The Environmental Health Campaign is focused mainly on the elimination of mercury works at all scales: hospitals, provincial and national governments, the African region and the international treaty process. Along with the Zero Mercury Working Group, groundWork plays a key role in this process globally. This is one aspect of a wider campaign to eliminate toxics in production, in products and in waste.
groundWork is active in monitoring and facilitating the implementation of the Multilateral Environmental Agreements (Stockholm, Basel and Rotterdam) on toxics and waste trading, and in the Strategic Approach to International Chemicals Management coordinated by the United Nations Environmental Program (UNEP). It works with affected communities for the elimination of pesticide stockpiles and dumps through the African Stockpiles Program.
Air quality and waste are integral to environmental health while the implications of coal and climate change cannot be overstated. This campaign, therefore, works in tandem with the other campaigns to contribute to people’s understanding. It seeks to connect health care workers with local communities and link the environmental justice movement with health activism.
Mercury and chlorinated plastics have been a major concern in the health care sector. The incineration of plastics containing chlorine results in the development of dioxins and furans, which is on the United Nations Stockholm Convention list of 12 most dangerous chemicals. In the 1990’s, the biggest source of dioxins in the United States was from incinerators burning health care waste. The second biggest source of mercury emissions were from the health care sector itself. In South Africa, groundWork has made significant inroads facilitating policy changes on the phase out of the use of mercury containing medical devices and health care waste incineration in KwaZulu Natal. The challenge now lies in getting this success extended to other provinces.
Through working with health care institutions on health care waste in South Africa, it has become evident to groundWork that there is a need for clinics – who offer primary health care – to understand the environmental determinants of community illness, especially in resource poor rural areas where people are exposed to a variety of chemicals because of poor agricultural and waste management practices. It is often in rural areas where people work on dump sites that are used as a final resting place for a variety of waste, not only domestic waste. It has not been uncommon to find health care waste discarded on dumps that are publicly accessible in rural areas. groundWork has worked with clinics to be able to give clinic staff a broad understanding of the possible environmental factors that could be causing patients illnesses.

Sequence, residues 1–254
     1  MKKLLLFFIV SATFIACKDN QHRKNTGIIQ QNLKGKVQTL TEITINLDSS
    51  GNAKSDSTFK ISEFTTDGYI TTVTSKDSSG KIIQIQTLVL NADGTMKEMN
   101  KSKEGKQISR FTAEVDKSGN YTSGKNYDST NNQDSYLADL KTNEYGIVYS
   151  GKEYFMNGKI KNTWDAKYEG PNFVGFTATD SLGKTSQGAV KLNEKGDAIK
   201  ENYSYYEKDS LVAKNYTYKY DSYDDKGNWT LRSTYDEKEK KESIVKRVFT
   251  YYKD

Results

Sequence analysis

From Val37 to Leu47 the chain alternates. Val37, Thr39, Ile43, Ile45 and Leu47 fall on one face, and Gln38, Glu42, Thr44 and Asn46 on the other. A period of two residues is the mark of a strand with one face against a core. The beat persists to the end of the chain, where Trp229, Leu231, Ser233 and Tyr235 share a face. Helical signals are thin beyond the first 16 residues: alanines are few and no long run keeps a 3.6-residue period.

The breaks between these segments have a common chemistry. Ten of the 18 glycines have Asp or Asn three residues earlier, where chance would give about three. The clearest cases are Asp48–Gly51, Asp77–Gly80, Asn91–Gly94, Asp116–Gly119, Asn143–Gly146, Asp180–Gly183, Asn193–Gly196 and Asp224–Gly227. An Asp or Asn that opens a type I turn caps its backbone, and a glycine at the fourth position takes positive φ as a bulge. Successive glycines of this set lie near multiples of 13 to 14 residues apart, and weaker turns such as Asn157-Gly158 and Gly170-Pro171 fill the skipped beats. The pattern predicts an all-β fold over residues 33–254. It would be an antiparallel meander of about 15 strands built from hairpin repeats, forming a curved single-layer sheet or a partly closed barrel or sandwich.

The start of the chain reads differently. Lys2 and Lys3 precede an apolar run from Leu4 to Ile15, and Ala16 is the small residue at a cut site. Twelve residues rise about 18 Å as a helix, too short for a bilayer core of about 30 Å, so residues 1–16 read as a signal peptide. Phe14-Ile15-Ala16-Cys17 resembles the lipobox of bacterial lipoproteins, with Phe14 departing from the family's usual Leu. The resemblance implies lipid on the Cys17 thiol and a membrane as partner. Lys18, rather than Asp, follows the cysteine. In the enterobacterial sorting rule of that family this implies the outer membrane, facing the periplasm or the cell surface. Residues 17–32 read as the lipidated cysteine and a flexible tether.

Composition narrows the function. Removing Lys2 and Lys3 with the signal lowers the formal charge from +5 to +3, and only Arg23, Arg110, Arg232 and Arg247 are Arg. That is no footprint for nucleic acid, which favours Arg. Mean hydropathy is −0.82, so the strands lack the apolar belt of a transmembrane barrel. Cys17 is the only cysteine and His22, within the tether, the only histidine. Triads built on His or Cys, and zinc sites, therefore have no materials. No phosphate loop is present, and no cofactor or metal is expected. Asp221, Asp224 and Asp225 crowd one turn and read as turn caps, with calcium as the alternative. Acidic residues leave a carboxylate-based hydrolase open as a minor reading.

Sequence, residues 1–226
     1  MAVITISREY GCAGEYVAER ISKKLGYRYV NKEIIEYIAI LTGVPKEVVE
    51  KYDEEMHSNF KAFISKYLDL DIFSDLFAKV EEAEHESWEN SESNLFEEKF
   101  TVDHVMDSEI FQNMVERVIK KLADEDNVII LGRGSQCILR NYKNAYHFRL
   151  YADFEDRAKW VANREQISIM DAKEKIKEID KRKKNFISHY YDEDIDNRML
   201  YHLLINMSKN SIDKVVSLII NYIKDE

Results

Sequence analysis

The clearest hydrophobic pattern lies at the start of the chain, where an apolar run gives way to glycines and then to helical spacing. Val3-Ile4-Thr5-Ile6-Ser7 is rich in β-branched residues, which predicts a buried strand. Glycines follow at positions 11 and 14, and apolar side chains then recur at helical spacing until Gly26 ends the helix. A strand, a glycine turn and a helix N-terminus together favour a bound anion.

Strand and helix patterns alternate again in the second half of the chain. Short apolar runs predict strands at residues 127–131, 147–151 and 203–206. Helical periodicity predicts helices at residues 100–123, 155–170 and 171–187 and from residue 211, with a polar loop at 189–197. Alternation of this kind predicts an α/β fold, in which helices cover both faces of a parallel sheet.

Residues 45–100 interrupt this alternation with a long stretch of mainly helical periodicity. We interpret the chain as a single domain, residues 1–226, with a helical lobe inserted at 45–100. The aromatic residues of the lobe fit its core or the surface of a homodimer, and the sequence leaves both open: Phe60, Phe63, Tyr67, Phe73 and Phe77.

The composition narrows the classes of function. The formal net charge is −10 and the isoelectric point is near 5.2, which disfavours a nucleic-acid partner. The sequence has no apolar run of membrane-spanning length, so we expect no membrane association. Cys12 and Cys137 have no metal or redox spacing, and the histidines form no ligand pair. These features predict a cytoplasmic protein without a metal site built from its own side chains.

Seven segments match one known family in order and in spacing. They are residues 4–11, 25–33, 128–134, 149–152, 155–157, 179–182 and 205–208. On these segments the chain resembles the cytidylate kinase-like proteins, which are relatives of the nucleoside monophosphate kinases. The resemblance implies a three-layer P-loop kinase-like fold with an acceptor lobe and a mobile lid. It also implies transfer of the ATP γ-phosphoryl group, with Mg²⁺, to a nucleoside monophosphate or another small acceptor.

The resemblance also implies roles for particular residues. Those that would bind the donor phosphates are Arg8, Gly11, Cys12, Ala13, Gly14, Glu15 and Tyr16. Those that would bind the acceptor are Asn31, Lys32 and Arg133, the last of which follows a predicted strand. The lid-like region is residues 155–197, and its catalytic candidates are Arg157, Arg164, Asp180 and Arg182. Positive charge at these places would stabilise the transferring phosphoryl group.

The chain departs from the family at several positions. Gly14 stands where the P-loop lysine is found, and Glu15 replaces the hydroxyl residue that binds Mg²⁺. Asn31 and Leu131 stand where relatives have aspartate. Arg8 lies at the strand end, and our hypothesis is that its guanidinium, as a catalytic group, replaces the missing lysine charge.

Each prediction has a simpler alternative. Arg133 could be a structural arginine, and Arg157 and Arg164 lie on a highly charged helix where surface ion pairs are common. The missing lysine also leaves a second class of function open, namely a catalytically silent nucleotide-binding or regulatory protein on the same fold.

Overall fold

Understanding chemicals within the environmental health context has been a key component to this work. There are various international and national processes that seek to manage chemicals in a responsible manner and groundWork actively participates in these forums. One such forum is the African Stockpiles Program which seeks to manage persistent organic pollutants (POP’s). Government is unaware of environmental concentrations of POP’s in South Africa. groundWork has worked with governmental health departments to establish protocols for bio-monitoring of POP’s in order to inform environmentally sound decision making in future.
The work on chemicals is especially important globally, because as the North develops stricter environmental governance and phases out toxics in the production processes in the global North, those production processes and their subsequent projects are all shipped to the global South. However, POP’s and airborne chemical pollution often knows no boundaries and ends up in polar environments anyway as a result of climatic conditions. The Department of Environmental Affairs has not given this component of their work the necessary attention that it needs, and mercury emissions for instance have often been ignored despite the fact that South Africa was home to the Thor Chemicals mercury scandal and recently continues to find elevated levels of mercury in environmental media downstream of Thor, twenty years after the scandal.
GAIA has released a new technical analysis authored by chemical engineers Dr. Andrew Neil Rollinson and Dr. Jumoke Oladejo. The report reveals that chemical recycling is polluting, energy intensive, and has a track record of technical failures. The plastic pollution problem is out of control, with the plastic industry planning on drastically increasing production in the coming decades. We have no more time or money to waste on dysfunctional and potentially dangerous techno-fixes like chemical recycling. As we recover from the economic ravages of COVID-19, we must invest wisely in proven, common-sense solutions that will support public health and a safe environment. Unlike expensive and risky technologies like chemical recycling, investing in zero waste systems is a more cost-effective and efficient approach that addresses the problem at the source, creates good jobs, and builds community resilience for decades to come.